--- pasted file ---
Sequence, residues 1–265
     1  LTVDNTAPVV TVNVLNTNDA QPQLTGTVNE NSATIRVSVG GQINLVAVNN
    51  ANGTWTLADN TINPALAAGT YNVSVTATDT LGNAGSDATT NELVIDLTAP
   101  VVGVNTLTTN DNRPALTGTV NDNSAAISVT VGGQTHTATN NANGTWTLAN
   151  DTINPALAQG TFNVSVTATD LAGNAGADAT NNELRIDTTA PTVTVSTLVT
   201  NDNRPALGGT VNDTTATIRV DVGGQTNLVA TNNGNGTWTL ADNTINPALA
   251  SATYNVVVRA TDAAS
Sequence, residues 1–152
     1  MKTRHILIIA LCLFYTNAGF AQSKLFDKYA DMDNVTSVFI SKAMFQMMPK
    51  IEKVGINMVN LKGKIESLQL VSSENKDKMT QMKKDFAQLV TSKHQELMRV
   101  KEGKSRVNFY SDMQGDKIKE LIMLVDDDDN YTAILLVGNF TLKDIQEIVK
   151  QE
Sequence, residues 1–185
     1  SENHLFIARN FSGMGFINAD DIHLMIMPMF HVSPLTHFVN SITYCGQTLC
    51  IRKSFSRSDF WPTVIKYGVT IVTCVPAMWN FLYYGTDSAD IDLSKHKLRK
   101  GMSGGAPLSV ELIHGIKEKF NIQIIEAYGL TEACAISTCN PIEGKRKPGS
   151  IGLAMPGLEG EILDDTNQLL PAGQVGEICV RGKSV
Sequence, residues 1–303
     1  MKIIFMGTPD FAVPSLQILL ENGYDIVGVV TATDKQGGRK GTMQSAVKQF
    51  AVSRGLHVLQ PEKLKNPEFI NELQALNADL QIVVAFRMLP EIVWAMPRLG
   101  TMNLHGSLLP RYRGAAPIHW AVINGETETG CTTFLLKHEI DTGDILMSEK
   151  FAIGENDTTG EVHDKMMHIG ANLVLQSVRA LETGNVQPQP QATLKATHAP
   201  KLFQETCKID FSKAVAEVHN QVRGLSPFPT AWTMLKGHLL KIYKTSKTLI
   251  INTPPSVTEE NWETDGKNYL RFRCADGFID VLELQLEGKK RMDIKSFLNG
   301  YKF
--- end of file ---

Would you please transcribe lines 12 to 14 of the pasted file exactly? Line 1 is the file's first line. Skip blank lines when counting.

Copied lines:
   151  QE
Sequence, residues 1–185
     1  SENHLFIARN FSGMGFINAD DIHLMIMPMF HVSPLTHFVN SITYCGQTLC